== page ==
I remember the confusion and the acute embarrassment stemming out of what now seems fairly minor occurrences. I also remember being crippled with self-doubt and covering it as best I could with some fairly spectacular bravado. I had boyfriends and I fell in love, but I had no perspective to judge how important they were. To be honest, my perspective on most things was lacking. I went from experience to experience with no real goal or idea where I was heading. The entire time was chaotic.
I knew I was a pretty girl, but I didn’t ever grasp where exactly I sat on the scale. I wasn’t like the gorgeous model types, too short and rounded no matter how I starved myself. You can’t diet yourself tall and lanky. I was smart, but not brilliant enough to be one of the intellectual girls. So what was I? I never found where I fit and always felt I was chasing after a label that I wasn’t really good enough for. What I didn’t realise is that no one does, because the whole thing is illusionary.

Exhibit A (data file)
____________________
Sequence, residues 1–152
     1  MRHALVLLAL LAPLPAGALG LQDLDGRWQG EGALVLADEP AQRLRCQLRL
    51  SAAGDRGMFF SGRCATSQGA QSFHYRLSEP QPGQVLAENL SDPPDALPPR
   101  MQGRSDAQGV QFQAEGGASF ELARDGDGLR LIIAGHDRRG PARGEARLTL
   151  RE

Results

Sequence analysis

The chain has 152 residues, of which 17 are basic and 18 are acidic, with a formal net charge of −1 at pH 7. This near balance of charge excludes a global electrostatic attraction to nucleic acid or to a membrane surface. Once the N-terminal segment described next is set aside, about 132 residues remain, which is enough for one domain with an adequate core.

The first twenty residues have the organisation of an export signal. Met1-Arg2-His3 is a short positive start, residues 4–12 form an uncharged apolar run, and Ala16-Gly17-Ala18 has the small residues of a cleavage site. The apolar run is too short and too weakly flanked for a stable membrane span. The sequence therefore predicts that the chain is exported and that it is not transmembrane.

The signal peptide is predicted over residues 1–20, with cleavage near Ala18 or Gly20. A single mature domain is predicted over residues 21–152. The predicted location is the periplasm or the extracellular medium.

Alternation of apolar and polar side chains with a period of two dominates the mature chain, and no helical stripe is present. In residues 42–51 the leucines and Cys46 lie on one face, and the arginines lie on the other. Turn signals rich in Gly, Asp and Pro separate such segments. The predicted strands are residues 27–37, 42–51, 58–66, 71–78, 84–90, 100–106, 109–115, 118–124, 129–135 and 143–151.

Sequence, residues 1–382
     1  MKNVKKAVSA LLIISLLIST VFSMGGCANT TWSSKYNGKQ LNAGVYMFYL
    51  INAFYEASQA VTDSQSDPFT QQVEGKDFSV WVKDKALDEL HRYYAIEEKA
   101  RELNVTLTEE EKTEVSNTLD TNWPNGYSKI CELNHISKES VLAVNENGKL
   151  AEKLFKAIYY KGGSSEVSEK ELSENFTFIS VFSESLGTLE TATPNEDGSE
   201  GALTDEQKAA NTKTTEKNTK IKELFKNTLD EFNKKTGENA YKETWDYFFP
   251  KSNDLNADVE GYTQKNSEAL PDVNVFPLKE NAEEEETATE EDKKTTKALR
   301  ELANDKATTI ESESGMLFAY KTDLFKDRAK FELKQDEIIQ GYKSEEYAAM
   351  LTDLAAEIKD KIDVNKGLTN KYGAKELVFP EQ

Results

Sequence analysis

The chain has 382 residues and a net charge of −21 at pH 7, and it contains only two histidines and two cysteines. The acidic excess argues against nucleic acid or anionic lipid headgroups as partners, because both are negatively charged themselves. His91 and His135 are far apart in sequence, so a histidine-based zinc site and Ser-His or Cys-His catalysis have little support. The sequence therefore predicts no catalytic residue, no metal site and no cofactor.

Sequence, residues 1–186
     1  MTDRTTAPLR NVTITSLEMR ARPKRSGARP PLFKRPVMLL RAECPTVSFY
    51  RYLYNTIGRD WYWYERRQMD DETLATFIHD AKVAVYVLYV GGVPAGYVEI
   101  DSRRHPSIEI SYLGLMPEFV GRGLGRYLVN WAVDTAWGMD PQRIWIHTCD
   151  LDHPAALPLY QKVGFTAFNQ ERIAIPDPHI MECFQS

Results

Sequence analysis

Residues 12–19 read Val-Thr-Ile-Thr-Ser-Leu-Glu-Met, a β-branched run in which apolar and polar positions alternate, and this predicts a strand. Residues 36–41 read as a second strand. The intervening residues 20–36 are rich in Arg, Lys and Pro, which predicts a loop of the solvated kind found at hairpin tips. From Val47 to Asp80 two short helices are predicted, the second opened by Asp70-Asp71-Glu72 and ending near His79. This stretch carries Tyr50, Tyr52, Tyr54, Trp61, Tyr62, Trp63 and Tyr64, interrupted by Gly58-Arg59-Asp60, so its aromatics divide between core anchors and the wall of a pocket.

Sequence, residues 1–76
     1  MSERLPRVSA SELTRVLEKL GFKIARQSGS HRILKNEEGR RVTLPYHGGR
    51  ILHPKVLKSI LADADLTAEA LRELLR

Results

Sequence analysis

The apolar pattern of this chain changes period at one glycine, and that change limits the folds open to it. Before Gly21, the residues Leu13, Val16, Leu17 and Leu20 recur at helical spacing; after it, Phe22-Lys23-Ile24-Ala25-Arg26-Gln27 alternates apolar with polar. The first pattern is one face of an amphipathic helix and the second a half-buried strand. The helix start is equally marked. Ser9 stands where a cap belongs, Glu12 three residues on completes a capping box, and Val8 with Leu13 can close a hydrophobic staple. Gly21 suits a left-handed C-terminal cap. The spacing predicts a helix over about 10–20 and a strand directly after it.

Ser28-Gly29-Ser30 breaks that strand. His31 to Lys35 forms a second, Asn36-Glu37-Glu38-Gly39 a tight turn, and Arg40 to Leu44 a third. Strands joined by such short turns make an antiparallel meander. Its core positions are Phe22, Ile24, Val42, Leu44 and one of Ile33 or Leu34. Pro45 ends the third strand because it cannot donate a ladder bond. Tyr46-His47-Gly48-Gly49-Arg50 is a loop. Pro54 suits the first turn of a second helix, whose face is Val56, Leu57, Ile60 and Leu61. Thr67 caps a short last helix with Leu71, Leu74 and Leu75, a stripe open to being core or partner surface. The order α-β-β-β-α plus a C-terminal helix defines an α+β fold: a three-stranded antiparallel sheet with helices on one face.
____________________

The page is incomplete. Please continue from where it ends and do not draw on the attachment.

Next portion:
Now I’m at the stage where the beauties are all much younger and career accomplishments I used to chase are obsolete. I’m no longer comparing myself to other women and can celebrate their accomplishments without feeling myself lacking. Compliments about appearance go with the mostly unspoken caveat of “for your age”. To be honest, it’s kind of liberating to not be trying to find a label anymore. I can finally relax and not worry about whether or not I’m attractive, because no one is looking at me like that any longer. Now when I’m walking down the street, the only thing I’m getting judged on is my parenting.